Professional baseball is coming to Maryland and Delaware this autumn.
A four-team league composed of Double-A and Single-A players from all 30 major-league organizations is scheduled to launch play Sept. 22 and engage in a 42-game schedule through Nov. 1.
The plan has been approved by the major-league farm directors and baseball's Executive Council and awaits only the formation of written contracts.
"You never know what can happen until the t's are crossed and the i's dotted," said Roy Krasic, director of operations in the commissioner's office. "But we're moving forward. It should be interesting because the weather is great that time of year there."
"We're in total agreement, in principle," said Peter Kirk, chief executive officer of Maryland Baseball Limited Partnership, which owns the Baysox, Keys and Shorebirds. "Nobody anticipates any problem getting this done."
The idea was spawned several years ago by Kirk and Orioles director of player development Syd Thrift. Now, with the demise of the Hawaiian League, which succumbed to prohibitive expenses after last year, the timing is perfect.
"This is a terrific way to take young players and get them a notch ahead," said Kirk. "We have a one-year agreement, but this could continue and expand if it's successful," adding Hagerstown and Prince William (Va.) as sites.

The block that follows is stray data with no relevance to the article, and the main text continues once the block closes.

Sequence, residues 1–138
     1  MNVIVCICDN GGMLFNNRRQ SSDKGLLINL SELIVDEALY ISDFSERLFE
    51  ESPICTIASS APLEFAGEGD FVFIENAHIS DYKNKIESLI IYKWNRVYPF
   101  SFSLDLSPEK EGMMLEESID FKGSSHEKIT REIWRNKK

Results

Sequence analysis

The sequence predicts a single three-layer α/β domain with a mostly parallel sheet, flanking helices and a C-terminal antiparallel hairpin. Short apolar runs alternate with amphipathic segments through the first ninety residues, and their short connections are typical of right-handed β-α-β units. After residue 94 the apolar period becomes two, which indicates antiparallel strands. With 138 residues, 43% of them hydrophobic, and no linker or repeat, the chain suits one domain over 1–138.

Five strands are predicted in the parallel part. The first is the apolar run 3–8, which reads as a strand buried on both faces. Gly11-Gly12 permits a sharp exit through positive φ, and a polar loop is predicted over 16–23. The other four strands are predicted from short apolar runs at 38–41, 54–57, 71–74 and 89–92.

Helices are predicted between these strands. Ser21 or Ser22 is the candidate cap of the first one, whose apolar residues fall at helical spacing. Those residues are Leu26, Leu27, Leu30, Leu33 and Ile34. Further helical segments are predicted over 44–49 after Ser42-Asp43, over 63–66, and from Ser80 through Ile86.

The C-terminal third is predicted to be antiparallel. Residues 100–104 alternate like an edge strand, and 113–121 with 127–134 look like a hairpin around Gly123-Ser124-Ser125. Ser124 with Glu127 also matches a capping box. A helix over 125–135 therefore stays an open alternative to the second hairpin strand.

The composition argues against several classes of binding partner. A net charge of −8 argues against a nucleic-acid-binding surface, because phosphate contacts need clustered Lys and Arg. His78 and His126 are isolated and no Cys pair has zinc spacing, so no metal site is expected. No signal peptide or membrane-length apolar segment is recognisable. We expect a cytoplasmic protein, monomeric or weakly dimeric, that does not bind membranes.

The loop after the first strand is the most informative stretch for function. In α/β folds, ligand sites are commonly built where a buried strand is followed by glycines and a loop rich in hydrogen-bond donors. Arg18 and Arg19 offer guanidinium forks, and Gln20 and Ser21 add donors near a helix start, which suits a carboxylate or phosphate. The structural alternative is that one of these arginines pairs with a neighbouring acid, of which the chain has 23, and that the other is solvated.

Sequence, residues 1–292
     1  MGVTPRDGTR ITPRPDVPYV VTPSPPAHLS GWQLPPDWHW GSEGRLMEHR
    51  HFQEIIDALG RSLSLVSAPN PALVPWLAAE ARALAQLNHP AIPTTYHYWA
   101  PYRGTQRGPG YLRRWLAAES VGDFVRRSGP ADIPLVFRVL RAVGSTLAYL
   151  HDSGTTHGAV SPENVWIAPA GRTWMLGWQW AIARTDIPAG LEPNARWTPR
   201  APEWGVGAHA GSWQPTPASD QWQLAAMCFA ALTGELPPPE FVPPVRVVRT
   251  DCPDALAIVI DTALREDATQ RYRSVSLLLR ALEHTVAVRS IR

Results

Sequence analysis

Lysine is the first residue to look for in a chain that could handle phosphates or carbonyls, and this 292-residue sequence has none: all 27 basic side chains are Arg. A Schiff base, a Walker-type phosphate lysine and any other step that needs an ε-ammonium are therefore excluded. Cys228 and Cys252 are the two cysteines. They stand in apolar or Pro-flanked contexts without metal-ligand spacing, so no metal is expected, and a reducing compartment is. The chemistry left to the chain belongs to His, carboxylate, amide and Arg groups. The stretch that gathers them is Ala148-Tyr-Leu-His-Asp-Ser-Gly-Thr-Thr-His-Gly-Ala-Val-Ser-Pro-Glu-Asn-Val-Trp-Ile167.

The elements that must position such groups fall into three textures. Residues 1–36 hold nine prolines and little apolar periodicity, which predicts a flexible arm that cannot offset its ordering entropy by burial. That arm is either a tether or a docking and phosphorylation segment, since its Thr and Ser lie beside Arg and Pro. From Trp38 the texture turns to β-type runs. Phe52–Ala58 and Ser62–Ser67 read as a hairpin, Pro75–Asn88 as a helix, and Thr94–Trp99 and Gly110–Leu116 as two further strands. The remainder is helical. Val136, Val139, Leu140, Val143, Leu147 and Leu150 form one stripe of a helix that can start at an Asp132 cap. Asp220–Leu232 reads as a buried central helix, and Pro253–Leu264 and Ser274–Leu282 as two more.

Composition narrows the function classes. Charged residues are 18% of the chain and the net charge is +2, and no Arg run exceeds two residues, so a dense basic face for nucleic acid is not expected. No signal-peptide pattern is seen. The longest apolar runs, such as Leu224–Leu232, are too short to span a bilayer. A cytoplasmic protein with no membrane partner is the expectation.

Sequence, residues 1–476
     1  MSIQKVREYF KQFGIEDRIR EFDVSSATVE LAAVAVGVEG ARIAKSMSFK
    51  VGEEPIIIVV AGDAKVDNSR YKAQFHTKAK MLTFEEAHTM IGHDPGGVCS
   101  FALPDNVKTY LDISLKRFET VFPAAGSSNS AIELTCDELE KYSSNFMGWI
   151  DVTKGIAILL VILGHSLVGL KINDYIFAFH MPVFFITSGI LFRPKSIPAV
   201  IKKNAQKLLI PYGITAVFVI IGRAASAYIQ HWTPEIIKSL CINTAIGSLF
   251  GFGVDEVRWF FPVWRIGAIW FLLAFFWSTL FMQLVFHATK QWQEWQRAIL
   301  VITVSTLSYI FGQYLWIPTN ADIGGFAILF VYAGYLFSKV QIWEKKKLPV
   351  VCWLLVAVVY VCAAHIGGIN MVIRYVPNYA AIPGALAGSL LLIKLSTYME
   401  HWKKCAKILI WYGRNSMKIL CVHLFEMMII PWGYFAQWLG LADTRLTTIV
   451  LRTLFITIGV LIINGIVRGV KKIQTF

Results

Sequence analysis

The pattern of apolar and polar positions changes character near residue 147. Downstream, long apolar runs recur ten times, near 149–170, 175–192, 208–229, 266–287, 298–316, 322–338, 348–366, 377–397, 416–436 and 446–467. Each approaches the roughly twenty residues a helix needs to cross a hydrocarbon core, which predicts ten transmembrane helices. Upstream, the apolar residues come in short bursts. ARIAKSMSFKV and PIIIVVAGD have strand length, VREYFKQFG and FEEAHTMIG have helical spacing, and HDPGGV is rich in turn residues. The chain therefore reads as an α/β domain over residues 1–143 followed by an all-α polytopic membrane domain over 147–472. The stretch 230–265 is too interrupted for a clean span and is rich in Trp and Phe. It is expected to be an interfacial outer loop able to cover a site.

With the parks all within 3 1/2 hours driving distance, travel costs will be far less than in Hawaii, where games were played on different islands and required air travel.
Seven games will be played weekly, with doubleheaders on Sundays. Mondays will be days off.
The players will wear the uniforms of their respective major-league organizations, lending an All-Star effect. Each major-league team will contribute four to six of its leading young prospects.
Kirk expects minimal problems with the local jurisdictions when scheduling conflicts arise at the parks. He said the league will be flexible, playing day games or doubleheaders when necessary.
"It's safe to say this is going to happen," he said. "We're now working on special programs to make this very affordable to everybody, including fans."
Meanwhile, the future might hold a different twist.
With the disbanding of the Silver Bullets because of an inability to land sponsorship, Kirk abandoned plans for a women's pro league this summer.
"But if the fall league goes, we could combine women's teams with the men and play them at the same sites," he said. "That may be an interesting way to go."
Pub Date: 6/19/98